It wouldn’t exactly be a stretch to say that Japan is the home of some of the largest and most devoted fan bases when it comes to “geek culture.” These fan bases vary from just about everything from games, music, manga, and anime. Over the last few years, there have been few fandoms as big as Vocaloid, Kantai Collection, and of course, Touhou Project. While Touhou Project previously never had much exposure outside of Japan, it seems as though 2016, and it’s sequel 2017, look to be changing that. The first of three upcoming Touhou Project titles is NIS America’s Touhou Genso Rondo: Bullet Ballet. Rather than the average Touhou game found in Japan, Touhou Genso Rondo mixes elements of fighting games with the traditional shoot ’em up gameplay. But is this Touhou a worthy contender, or did it jump the shark somewhere while crossing the pond?
It’s always been said not to judge a book by its cover. In the case of Touhou Genso Rondo however it isn’t exactly a bad thing. As with just about any Touhou Project title, whether it be official or fan made, Touhou Genso Rondo is the home of some beautiful character art and design. In-game, this art can be found in just about everyplace from various menus, to character select screens, to each girl’s respective Spell activation cut-in. While the player characters in battle are represented by 3D models, it’s the 2D art the easily becomes the face of the game.
When it comes to the 3D design, Touhou Genso Rondo takes somewhat of a step back. The character models of Reimu and friends look straight out of the PS2 era. Interestingly, the graphics look more like Tales of Legendia than anything else. While the somewhat antiquated 3D design doesn’t take too much from the game, it is slightly disappointing how forgettable the character models are, especially considering their 2D inspiration. With that being said, the 3D designs shine most (quite literally) when it comes to the spells and attacks. As per Danmaku fashion, each girl has a plethora of abilities to choose from in combat. These vibrant attacks can quickly fill the screen as well as steal the attention of players and their audience alike.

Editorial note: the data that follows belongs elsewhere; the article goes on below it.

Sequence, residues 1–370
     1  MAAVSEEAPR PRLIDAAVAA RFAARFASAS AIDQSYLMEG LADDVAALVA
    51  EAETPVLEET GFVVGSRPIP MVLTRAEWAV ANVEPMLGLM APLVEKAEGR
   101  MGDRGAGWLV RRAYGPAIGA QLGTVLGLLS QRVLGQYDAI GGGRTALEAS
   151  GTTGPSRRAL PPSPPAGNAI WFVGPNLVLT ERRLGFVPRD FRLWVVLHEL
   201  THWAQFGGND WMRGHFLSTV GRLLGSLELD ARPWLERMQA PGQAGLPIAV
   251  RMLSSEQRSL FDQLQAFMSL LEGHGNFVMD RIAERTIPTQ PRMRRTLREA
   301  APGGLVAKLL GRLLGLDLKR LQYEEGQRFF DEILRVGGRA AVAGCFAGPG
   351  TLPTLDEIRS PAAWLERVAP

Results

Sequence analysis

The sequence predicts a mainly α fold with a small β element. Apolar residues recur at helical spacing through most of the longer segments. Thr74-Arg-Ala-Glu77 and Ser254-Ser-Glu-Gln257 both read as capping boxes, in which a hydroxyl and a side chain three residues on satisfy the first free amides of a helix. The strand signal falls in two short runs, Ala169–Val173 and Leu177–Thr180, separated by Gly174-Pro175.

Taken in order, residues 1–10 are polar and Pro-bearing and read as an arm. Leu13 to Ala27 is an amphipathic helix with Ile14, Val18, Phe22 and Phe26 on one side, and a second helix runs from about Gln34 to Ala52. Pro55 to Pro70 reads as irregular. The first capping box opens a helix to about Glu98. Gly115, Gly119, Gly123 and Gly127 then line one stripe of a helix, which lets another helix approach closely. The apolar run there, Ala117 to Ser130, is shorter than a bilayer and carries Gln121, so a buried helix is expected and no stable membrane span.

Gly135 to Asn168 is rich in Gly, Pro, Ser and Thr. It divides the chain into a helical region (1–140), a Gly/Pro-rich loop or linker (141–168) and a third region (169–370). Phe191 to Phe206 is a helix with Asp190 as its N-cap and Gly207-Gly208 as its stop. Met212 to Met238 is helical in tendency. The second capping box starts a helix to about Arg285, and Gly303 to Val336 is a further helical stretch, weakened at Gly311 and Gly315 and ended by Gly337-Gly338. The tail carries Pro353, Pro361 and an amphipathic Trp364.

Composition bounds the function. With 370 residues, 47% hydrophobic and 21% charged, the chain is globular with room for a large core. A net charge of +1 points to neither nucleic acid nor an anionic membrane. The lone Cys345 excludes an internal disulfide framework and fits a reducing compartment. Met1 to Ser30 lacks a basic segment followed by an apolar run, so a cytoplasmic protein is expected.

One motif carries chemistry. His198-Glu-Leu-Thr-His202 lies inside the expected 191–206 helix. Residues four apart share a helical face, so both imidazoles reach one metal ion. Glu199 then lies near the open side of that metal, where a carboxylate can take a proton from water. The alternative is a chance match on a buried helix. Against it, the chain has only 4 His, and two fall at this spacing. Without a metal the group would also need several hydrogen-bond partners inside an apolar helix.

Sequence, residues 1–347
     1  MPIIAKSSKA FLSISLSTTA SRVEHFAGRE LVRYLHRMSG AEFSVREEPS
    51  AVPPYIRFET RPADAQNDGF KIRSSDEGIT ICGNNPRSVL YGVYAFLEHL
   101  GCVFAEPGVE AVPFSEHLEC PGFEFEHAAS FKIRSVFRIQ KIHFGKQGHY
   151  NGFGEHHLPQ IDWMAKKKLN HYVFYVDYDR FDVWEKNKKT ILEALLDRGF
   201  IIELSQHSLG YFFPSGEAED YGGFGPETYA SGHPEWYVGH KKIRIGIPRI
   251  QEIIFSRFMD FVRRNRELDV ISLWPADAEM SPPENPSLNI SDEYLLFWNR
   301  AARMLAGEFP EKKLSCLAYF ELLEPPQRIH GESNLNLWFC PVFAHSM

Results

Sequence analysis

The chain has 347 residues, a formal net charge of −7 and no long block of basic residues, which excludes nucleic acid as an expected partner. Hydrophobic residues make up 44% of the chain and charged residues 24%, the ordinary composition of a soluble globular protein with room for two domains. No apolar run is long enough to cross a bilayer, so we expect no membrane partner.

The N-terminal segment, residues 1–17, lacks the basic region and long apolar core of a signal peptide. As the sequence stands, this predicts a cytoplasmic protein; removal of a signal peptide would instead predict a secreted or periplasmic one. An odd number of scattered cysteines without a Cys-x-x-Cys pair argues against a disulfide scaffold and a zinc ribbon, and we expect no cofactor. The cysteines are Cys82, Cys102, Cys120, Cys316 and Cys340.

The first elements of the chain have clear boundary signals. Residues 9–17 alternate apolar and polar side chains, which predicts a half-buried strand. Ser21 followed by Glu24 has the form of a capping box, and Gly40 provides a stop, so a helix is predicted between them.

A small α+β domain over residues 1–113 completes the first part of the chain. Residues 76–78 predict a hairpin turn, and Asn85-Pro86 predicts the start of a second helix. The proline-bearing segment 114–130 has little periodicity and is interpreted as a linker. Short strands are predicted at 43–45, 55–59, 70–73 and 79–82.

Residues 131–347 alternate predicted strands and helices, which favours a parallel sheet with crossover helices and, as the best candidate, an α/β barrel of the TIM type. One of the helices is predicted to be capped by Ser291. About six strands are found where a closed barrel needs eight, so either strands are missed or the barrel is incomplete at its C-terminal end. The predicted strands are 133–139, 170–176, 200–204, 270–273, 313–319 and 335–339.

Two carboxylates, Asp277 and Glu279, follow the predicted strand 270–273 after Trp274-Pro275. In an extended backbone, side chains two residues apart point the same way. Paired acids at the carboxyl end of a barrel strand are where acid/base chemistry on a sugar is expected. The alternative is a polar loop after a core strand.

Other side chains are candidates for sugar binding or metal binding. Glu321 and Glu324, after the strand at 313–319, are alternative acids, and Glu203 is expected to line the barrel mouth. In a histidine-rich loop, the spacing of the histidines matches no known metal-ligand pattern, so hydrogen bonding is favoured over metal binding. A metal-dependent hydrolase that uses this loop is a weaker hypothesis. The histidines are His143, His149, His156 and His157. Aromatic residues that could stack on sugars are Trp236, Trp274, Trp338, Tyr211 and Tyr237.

As pre-existing fans likely already know, Touhou Project was originally and is still majorly a series of “bullet hell” games. Describing Touhou Genso Rondo as such however would only be half correct. In terms of game mechanics, Touhou Genso Rondo stays true to series’ fashion. Each battle is a ballet of bullets as the players enter the stage. Unlike most the series, however, Touhou Genso Rondo is arguably a fighting game. In this sense, it plays something like a “boss rush” mode. Rather than the characters facing a plethora of enemies and obstacles filling the screen, they have but one opponent.
In terms of “bullet hells,” Touhou Genso Rondo adheres to series’ tradition. Despite only ever showing two characters at a time, the plethora of attacks filling the screen make sure that there’s never a dull moment. With the absurd range and speed of characters, it is easy to feel overwhelmed at first. Interestingly however the game is surprisingly balanced. Despite how it may feel sometimes, no character seems to really have a clear advantage against every other foe.
While the game is certainly fun, it does feel somewhat scarce when it comes to content. The game’s main feature is a barebones Story mode that seems cliché even for a fighting game. Aside from that, however, the only other modes include an Arcade Mode which feels like a boss rush, a Boss Rush that feels like a sudden death, an overly simplified tutorial, and a simple multiplayer for online and offline play. While the game is undoubtedly fun, it all feels more like a separate mode of a game and than a complete product itself.
As described above, Touhou Genso Rondo plays one part bullet hell action and one part fighter. This hybrid of game genres makes the game one that would feel right at home in an arcade setting. Perhaps knowing this, the composers of Touhou Genso Rondo seem to have found the music that too would feel right at home in such a setting. These uplifting tracks have a way of exciting the player while somehow complimenting the sound of the bullet storm raining on both sides. Considering the sheer number of attacks being launched at any given time it’s impressive that the Soundtrack doesn’t only work, but sounds pretty darn good even against all the background noise. The only real fault can be found in a few of the sound effects such as the victory fanfare. For some reason this sound sounds distorted and sounds like nails on a chalkboard when compared to the sweet sounds of played notes and fired bullets during the battle itself.
Overall Touhou Genso Rondo is a fun game and is a good introduction to the Touhou brand. The amusing characters and chaotic battles can easily take the attention of players and spectators alike. While it isn’t a traditional bullet hell game such as its predecessors, it is still an engaging game to enjoy with friends and strangers online.
HEY! HEY!! LISTEN!!! gives Touhou Genso Rondo: Bullet Ballet for PlayStation 4 8 shrine maidens out of 10.